14. Even on the view expressed above by us that Explanation 1 to Section 2(n) of the Act is ultra vires, the petitioners' prayer that the opponents be restrained from making against them any assessment in respect of the hire purchase transaction cannot be granted. For, even after striking down Explanation I as Ultra vires if the petitioners are 'dealers' as defined under the Act and the hire purchase contracts concluded by them have ripened into contracts of sale, they would be liable to be assessed to sales tax, in respect of those transactions. As yet, there is no determination by the Sales Tax Officer on the nature and effect of any of the transactions said to have been concluded by any of the petitioners and no assessment order against any of the petitioners has been made. Strictly speaking, the proper time for expressing all that we have said above would have been after the adjudication of the Sales Tax Officer on the nature of the transactions concluded by the petitioners and the making of the assessment orders. But we thought it fit to depart from this course and expressed our opinion on the contentions advanced on behalf of the petitioners solely for the reason that on the arguments advanced at the Bar it appeared to us that there was some misconception in the minds both of the petitioners as well as of the taxing authorities on the question of the nature and effect of a hire purchase agreement and of Explanation I to Section 2(n) of the Act, and that in view of the authoritative pronouncements of the Supreme Court there was no justification for this misconception and the removal of the misconception was necessary for guiding both the petitioners as well as the taxing authorities in the matters of assessments of hire purchase transactions.
15. The petitioners' further contention that as they were not dealers, no notice under Section 29 of the Act could be issued to them requiring them to produce accounts, documents, registers etc. and that the Sales Tax Officer should have proceeded against them under Section 17 of the Act, is altogether unsubstantial. The argument of learned counsel for the applicants was that under Section 29 a notice could be issued only to a dealer and the petitioners were not dealers. The Act nowhere prescribes any procedure for declaring a person to be a dealer for the purposes of the Act before proceeding to take any step against him under the Act. The provisions of Sections 17, 18(6) and 29 of the Act enable the taxing authority to issue a notice not only to a person who admits that he is a dealer under the Act but also to one who denies that he is a dealer. If, as urged by the learned counsel for the applicants, notices could have been issued to the petitioners under Section 17 of the Act, then notices could be issued under Section 29 also. Section 17 also speaks of a notice being issued to a dealer. If the applicants are dealers for the purposes of Section 17, they are so for the purposes of Section 29 also. Section 29 does not contain any words restricting the production of accounts, documents, registers etc., only when assessment proceedings are initiated. It says:
'29(1) The Commissioner may, subject to such conditions as may be prescribed require any dealer to produce before him any accounts, registers or documents, relevant to the financial transactions of a dealer including accounts, registers or documents relating to profits derived from the business of any firm, or to furnish any information, relating to the stock of goods of the dealer, or purchases, sales or deliveries of goods made by him as may be necessary for the purposes of this Act.'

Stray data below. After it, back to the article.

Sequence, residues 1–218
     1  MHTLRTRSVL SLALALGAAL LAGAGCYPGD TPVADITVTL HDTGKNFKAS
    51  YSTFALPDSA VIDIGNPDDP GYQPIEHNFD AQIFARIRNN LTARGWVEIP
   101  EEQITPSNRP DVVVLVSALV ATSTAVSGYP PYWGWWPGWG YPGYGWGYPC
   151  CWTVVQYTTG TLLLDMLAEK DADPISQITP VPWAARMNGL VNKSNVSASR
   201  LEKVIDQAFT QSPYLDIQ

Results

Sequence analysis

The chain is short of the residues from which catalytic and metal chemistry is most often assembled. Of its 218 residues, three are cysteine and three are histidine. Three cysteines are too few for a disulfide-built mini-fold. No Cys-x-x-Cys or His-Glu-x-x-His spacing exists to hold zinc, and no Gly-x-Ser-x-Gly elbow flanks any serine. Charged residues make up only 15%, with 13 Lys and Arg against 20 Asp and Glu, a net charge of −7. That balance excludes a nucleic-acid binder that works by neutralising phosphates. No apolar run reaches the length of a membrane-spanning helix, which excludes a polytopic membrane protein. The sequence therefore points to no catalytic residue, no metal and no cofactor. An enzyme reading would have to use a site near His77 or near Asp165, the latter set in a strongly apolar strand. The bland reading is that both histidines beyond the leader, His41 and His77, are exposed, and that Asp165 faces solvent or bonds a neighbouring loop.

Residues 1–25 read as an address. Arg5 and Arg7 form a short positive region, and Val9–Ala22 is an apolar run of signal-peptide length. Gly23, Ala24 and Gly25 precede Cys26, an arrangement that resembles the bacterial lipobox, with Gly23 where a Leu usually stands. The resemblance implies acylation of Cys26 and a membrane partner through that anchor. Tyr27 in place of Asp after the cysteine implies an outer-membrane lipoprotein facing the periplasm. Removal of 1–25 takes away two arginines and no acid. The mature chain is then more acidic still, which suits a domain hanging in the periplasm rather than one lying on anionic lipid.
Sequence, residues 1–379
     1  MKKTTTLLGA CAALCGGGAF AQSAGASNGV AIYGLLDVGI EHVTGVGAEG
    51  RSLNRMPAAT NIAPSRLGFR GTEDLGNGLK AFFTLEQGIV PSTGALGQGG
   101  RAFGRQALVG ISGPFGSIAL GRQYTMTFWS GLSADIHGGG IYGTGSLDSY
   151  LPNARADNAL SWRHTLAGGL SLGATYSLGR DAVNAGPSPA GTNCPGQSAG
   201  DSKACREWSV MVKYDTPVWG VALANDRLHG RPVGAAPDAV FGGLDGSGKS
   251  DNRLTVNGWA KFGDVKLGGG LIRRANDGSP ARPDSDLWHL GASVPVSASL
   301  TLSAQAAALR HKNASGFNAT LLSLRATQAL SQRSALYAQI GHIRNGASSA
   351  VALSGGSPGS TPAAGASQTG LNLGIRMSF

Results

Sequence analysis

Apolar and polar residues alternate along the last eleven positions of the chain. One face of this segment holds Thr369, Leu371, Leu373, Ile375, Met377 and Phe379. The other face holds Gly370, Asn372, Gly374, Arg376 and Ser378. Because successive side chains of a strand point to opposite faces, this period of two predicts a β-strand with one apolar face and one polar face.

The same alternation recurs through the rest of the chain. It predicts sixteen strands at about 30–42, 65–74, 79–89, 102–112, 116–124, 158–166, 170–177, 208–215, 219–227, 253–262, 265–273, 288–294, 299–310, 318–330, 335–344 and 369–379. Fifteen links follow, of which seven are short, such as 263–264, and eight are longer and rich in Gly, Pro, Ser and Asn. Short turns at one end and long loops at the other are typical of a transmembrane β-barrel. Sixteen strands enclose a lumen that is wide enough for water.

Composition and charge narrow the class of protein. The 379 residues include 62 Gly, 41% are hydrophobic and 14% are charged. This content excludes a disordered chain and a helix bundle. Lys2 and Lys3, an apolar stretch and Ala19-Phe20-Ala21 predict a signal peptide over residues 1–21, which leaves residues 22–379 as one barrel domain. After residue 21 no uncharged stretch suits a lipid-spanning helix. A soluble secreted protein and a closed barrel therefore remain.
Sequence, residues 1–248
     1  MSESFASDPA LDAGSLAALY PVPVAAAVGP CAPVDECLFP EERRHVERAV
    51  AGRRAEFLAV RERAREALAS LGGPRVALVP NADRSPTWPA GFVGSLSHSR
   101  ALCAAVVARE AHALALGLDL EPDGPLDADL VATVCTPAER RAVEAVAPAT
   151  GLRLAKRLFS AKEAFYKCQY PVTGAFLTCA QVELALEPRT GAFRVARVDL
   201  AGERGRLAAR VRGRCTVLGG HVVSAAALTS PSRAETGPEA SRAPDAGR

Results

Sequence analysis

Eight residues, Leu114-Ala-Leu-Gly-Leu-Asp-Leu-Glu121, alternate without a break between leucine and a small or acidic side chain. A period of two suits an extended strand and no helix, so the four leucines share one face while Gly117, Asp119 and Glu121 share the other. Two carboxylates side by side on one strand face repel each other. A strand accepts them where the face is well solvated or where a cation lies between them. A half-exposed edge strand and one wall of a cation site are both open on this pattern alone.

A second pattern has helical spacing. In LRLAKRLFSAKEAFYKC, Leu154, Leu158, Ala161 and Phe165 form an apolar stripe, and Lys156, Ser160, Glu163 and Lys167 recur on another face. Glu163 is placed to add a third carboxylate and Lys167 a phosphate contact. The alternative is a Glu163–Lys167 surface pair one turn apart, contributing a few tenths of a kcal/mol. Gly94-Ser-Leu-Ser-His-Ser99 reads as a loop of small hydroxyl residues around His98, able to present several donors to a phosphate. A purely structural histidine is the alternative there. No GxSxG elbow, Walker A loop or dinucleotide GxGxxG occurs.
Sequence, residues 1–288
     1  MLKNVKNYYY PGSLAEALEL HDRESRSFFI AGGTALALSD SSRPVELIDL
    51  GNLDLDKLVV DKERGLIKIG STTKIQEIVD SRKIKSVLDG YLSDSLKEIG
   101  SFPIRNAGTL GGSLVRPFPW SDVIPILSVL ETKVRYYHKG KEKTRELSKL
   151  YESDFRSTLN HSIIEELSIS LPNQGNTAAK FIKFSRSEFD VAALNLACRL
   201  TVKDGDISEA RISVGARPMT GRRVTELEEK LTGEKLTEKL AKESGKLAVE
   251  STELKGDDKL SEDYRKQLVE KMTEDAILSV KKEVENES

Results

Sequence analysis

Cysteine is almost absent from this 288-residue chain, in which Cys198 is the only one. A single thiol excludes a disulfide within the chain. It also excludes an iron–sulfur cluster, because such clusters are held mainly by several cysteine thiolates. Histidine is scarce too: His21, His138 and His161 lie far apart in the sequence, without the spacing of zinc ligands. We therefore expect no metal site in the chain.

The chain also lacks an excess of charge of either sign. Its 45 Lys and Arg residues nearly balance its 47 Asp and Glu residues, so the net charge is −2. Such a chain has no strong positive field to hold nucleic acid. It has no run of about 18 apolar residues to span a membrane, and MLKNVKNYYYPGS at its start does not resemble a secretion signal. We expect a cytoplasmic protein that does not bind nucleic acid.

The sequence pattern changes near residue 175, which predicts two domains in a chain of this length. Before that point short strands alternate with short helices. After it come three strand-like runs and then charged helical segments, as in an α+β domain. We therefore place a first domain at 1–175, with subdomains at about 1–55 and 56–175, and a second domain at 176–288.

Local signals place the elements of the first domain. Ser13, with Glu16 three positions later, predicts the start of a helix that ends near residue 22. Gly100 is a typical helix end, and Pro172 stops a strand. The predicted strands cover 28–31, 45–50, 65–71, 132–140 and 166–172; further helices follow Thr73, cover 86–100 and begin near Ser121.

Under this provision, the Commissioner has the power to require any person to produce for inspection the documents referred to therein for the purposes of the Act. A notice to a person requiring him to produce accounts, documents etc., in order to enable the taxing authority to determine whether the person is a dealer and whether he is liable to be assessed to sales tax in respect of certain transactions effected by him is plainly for the purposes of the Act. The purpose of the Act is clearly to levy a general tax on the sale or purchase of goods in the State of Madhya Pradesh. The Sales Tax Officer, therefore, acted within his jurisdiction in issuing the notices that he did under Section 29 of the Act to the petitioners.
16. Learned counsel for the applicants also made a complaint that the communication whichthe Sales Tax Officer addressed to the petitioners informing them that the transactions of hire purchase entered into by them were sales as defined in Section 2(n) of the Act and that they weredealers under the Act showed that the Sales Tax Officer had already decided the question of thenature and effect of the petitioners' transactions and their being dealers without giving a hearingto them. In regard to this, it is sufficient to say that the Sales Tax Officer was no doubt not rightin deciding by correspondence with the petitioners the questions which were required to be decidedunder the Act and the rules made thereunder according to the prescribed procedure. The opinionexpressed by the Sales Tax Officer in the letters addressed by him to the petitioners does not and cannot, however relieve him of the duty of adjudicating upon the above points in accordancewith law.
We have no doubt that the Sales Tax Officer will determine all the points that may arise inconnection with the petitioners' liability to assessment to tax in respect of the transactions effectedby them in the light of this decision and uninfluenced by the opinion expressed by him in his replies to the petitioners.
17. For the foregoing reasons, all these petitions are dismissed with costs. Counsel's fee in each case is fixed at Rs. 100/-. The outstanding amounts of security deposits, after deduction of costs, in each case shall be refunded to the petitioner concerned.